Unable to cope with her husband's infidelity (again), Mariah lapses into clinical depression and Faith stops speaking. As they both struggle to bring themselves back together after the ugly divorce, Faith seeks solace in the comfort of a friend whom she refers to simply as "her Guard." When Faith begins quoting biblical verses despite having been raised nonreligious, Mariah takes her to see a child psychologist.
After several sessions and an unsuccessful run on anti-psychotic drugs, the psychiatrist makes a startling discovery: Faith is talking not to just any guard, but to God. Mariah is disturbed, wondering why God would choose to reveal Himself to a nonreligious, Jewish child who up until recently has never heard of Him.
Oh wait.. .did I say Him? That's right, not only does Faith profess to be seeing and speaking to God, but that God is indeed a SHE not a HE. As Mariah and Faith's lives get tossed into a whirlwind of press coverage, skeptics, and believers Faith develops Stigmata and begins to perform miraculous healings including bringing her own grandmother back from the dead. As if their lives aren't hectic and invaded enough what with continuous visits from priests and rabbi's alike, Colin decides Mariah must be to blame for Faith's wounds and sues for custody of Faith.
The story is well written and well researched. I have to say that I have a lot of respect for Picoult for writing about God from this angle. Not only does she address the issue of God being female but when the grandmother returns from being clinically dead for 1 hour, she reveals to her daughter that God wore the face of her own mother.
My favorite quote from the book is during the conversation between Mariah and her mother:
"I always wondered why God was supposed to be a father," Millie whispers. "Fathers always want you to measure up to something. Mothers are the ones who love you unconditionally, don't you think?"
While I can certainly see how that is true generally speaking, I also happen to know of several examples of Fathers that DO love unconditionally as well. But I understand what she MEANS. There is just something so fierce and beautiful and even a little scary about the way a mother loves her children. It is an entirely different breed of love all together. Incomparable to any other form.
I found it interesting that while researching the book Picoult ran into a lot of people who were so uncomfortable entertaining the notion of God as female even for a fiction novel, that she was shooed out of offices. I suppose technically speaking, God is neither male nor female and also both but for (in my opinion) social and political reasons has always been referred to as a male or Father by the Church.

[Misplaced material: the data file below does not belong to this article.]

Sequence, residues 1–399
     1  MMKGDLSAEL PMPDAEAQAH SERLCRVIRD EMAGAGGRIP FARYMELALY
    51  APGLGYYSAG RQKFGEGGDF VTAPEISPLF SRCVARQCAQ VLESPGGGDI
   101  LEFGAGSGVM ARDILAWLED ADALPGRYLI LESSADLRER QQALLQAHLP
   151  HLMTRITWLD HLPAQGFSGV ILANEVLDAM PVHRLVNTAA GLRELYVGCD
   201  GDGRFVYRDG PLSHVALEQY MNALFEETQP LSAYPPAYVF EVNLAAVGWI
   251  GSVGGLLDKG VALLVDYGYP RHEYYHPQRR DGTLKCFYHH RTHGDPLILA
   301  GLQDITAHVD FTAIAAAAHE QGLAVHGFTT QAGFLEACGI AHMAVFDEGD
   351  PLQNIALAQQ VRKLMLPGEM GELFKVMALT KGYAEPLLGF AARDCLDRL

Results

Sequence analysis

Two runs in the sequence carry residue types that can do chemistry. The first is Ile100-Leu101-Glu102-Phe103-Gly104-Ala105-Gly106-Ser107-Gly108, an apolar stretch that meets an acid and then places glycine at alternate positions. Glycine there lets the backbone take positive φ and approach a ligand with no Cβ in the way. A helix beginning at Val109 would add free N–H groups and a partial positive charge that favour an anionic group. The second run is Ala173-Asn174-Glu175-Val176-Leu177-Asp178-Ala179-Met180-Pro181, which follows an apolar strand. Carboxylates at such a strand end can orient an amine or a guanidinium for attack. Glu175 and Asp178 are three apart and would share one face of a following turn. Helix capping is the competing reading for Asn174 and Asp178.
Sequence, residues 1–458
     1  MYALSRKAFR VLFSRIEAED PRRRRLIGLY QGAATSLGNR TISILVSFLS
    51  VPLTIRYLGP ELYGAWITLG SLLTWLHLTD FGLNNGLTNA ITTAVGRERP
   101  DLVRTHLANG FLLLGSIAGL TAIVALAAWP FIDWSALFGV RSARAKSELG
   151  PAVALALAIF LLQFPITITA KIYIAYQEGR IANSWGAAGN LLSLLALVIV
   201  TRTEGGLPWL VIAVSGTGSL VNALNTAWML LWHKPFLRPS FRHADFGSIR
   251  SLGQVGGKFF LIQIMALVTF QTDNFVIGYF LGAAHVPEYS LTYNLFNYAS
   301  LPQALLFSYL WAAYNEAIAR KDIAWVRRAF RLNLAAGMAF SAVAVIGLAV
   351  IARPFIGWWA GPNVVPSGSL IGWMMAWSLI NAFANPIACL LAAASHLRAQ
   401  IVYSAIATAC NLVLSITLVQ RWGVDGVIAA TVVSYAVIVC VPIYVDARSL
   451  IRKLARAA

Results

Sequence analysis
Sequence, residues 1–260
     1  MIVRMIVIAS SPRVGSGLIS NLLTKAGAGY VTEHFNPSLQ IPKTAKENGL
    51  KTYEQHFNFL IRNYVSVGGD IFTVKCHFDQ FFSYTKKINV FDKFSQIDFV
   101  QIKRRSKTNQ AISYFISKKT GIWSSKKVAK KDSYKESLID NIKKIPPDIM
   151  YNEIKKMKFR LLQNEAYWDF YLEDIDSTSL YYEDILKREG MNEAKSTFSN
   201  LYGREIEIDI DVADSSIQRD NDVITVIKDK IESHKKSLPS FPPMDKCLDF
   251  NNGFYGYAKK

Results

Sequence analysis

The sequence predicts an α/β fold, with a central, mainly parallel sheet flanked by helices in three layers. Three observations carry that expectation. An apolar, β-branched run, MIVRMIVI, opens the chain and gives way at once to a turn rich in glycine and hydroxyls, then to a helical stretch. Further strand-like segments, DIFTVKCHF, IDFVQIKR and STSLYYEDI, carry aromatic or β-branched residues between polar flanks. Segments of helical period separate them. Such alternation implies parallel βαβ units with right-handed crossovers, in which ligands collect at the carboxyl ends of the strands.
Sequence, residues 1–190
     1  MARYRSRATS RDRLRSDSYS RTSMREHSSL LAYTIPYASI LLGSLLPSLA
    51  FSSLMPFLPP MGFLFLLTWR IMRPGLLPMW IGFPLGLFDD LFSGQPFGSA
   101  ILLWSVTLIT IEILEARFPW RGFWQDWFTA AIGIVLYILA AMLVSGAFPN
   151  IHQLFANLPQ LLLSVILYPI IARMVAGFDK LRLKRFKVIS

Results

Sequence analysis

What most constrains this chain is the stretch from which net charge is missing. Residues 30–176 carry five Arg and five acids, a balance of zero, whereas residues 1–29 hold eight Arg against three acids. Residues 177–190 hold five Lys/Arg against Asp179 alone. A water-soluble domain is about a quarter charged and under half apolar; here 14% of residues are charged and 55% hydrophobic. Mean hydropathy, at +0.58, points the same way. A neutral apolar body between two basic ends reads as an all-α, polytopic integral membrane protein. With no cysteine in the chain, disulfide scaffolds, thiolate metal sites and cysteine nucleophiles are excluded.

I once heard a speaker that opened her speech with: "If man is made in God's image... than woman says, What about me?" That phrase really kind of struck a chord with me. I am just not sure that I entirely jive with the whole Genesis thing. I would like to think that God put a little more thought into creating woman than simply grabbing the nearest rib and throwing together woman as an after thought. After all, God had created male and female in every other creature, even plants have both male and female anatomy. And even if you interpret "man" to mean "mankind" in the whole creation bit, then that still leaves an open door for questioning. If both man and woman are made in God's image, than God must also posses some amount of femininity.
What it comes down to, for me at any rate, though I may end up being attacked for it: is that God is much more spiritual than physical and that it matters very little if you envision God with a man's face or a woman's or even both depending on your need at the time. Isn't there a verse somewhere that reads you cannot see the true face of God and live? That it is THAT incomprehensible. Personally I think that when it comes to envisioning the face of God, that it matters little what you see, so long as you can relate it to how God makes you feel. I personally have no problem with a female God. Heck, sometimes I need a more matronly figure to pray to.
But I digress. In any respect, the story in this book was a GOOD story. I read it in about two days and ended up staying up to nearly one in the morning trying to finish it. If you are interested, even just a little bit, it's well worth the read... unless of course you are a very conservative Jew or Catholic... in which case you *might* walk away offended. You might not though. The priests and rabbi characters in the book are really awesome.